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Doctor Who Deep Breath: She-Geeks Series 8 Premiere Review

Doctor Who Deep Breath: She-Geeks Series 8 Premiere Review

12th Doctor and Clara Oswin Oswald

Author: The Prime Mover/Wednesday, August 27, 2014/Categories: Blog, KdW Feature, Episode Review

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Do NOT read this post until you've seen the series 8 premier, 'Deep Breath'. To quote River, "spoilers".



I'll try to keep this short because I'm certain everyone with a blog will be posting a review of Peter Capaldi's first episode of 'Doctor Who'. First and foremost, the episode kicked off with a dinosaur in the Thames. Considering my unyielding love for dinosaurs, I was pleased as punch from "go". Throw in Vastra, Jenny, and Strax, and you've got a recipe for a smashing episode.




I went into the premier with as much of an open mind as I could, given my feelings toward Moffat. For the most part, I really enjoyed it. It was funny, there were plenty of references for long time fans, nods to past Doctors, and Moffat even cleverly touched on a lot of questions people had expressed about Capaldi's casting. I felt that the scenes with The Doctor in the alleyway with the tramp were some of the most poignant scenes in the whole episode. His disorientation was both amusing and troubling; you really felt for him as he tried to piece together who he is. Making references to his face being familiar ("You know I never know where the faces come from, they just pop up.") was a brilliant way to touch on Capaldi's previous appearance in 'The Fires of Pompeii', and hopefully quiet the people who are still going on about it as thought it were strange for the show to re-use actors (everyone wave at Freema Agyeman and Karen Gillan as we finally move past this annoying, little argument). In addition, I hope that the fact that this episode was rather centered around Clara's inability to accept The Doctor as an older man, means we can continue our forward momentum and leave the whole "Ew, he's so old!" arguments in the past as well.




                                                                       First, he's not that old. Second, that man is bloody HOT!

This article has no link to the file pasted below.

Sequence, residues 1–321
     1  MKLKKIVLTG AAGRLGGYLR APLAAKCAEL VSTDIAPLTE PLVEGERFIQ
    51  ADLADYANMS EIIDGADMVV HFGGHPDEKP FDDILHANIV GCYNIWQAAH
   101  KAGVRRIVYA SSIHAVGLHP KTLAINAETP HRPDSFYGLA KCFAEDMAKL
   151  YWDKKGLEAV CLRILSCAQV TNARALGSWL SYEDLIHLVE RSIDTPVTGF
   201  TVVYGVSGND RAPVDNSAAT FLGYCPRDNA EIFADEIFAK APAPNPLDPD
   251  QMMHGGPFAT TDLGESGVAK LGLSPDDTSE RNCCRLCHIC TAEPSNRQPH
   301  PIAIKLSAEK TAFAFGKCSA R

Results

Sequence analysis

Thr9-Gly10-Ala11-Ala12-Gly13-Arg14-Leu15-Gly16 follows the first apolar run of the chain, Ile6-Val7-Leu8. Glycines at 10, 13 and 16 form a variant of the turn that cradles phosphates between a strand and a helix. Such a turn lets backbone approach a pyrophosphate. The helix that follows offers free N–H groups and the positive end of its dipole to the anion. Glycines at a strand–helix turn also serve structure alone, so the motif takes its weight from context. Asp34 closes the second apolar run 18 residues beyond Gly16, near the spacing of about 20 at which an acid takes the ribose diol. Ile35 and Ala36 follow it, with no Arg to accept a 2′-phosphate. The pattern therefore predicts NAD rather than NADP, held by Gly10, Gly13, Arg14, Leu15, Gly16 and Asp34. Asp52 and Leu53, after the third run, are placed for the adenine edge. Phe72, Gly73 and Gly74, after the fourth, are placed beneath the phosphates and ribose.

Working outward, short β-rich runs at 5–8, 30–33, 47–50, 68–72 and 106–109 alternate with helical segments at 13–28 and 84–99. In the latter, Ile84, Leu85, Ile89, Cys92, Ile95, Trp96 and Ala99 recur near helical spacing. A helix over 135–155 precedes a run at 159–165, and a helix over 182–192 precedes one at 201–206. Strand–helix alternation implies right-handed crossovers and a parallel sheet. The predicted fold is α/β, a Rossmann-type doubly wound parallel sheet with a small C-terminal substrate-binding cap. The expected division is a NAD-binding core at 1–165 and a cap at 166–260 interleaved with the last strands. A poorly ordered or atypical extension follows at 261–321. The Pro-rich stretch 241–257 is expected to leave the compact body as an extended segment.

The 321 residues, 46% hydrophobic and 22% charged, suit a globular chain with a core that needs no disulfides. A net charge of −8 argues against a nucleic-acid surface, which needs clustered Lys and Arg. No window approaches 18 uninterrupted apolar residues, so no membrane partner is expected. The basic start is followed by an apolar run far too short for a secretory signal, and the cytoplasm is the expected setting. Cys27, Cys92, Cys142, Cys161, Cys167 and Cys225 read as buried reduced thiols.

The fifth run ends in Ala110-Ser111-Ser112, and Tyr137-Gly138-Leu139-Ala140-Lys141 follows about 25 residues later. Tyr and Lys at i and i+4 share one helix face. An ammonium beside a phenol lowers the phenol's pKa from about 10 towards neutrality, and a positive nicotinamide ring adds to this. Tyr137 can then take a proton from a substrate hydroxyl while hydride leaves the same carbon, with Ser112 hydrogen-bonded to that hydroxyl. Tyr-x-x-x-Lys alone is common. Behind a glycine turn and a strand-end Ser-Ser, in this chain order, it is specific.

Now, as to Capaldi's performance, I don't know that I could have been more pleased. He was brilliant. Funny, witty, and mean while still able to care about and want to help those in need. That Capaldi himself is a long time fan of the show was obvious in his performance. He showed hints of several of the Doctors he grew up watching, blended with his own flair. He truly lived up to my expectations, and I can tell that I'm going to absolutely love him.

There were, however, several issues I had with 'Deep Breath'. Rehashing the droids rebuilding their ship with human parts plot line was a bit trite for my tastes, but at least Moffat touched on the fact that he was essentially retelling 'The Girl in the Fireplace', the only 'Doctor Who' episode he wrote for the 2006 series. Still, Moffat, I'm going to need for you to get your ego in check, please.




Next, as much as I adore Vastra, Jenny, and Strax (and I do), I'd really love it if Vastra and Jenny could have actual conversations. If they're not talking to or about The Doctor, they're taking every possible opportunity to point out that they're married. Yeah, it's very progressive and whatnot that you have characters in an interspecies, lesbian relationship, but we needn't be reminded of that every five seconds. At this point, I honestly can't tell if Moffat is harping on their relationship as a way to prove he's forward thinking and cool, or because it plays into some icky personal fantasy. Either way, it's gotten old, and is now just further proof that he has serious difficulty writing female characters who aren't one dimensional.




Finally, the Matt Smith cameo. I rolled my eyes and sighed with derision when he popped up on the screen. That was completely unnecessary. Smith's Doctor needed to be brought back one last time to explain to Clara that she needs to accept his new regeneration? Really? Moffat has written such a weak character that he couldn't even find a way to have her come to that on her own?? First, Vastra had to point out that she was being judgmental, but that was clearly not enough of a wake up call for daft, little Clara. No, she needed to have the Doctor she was comfortable with actually call her bloody cell phone from Trenzalore (because he knew that she wouldn't be able to handle this on her own) to tell her everything was alright. A friend pointed out that perhaps that scene was done expressly for the benefit of the younger fans who were so up in arms about Capaldi's casting. I've already pointed out that the entire episode was centered around that theme, so I think that if that's the case, then those fans should feel insulted that Moffat thought they couldn't come to that on their own through watching the episode, and that they needed that extra, little push. That scene, to me, pulled down an otherwise entertaining episode a notch, and left a very bad taste in my mouth. It turned an episode that was supposed to be the exciting, long awaited introduction to Capaldi's Doctor into yet another far-fetched, overly dramatic farewell to Matt Smith.

I truly hope that Moffat can move forward from here. Peter Capaldi is an incredibly talented actor, and I think he's going to make a brilliant Doctor if Moffat can just give him the material to work with. I'd like to see Clara come into her own, and gain a little personality outside of her connection to The Doctor. Perhaps Vastra and Jenny could become fully developed characters instead of just the show's token gay characters. As it is with everything involving The Doctor, time will tell.

Cheers!


Eris Walsh

Writer of Geek Things
 

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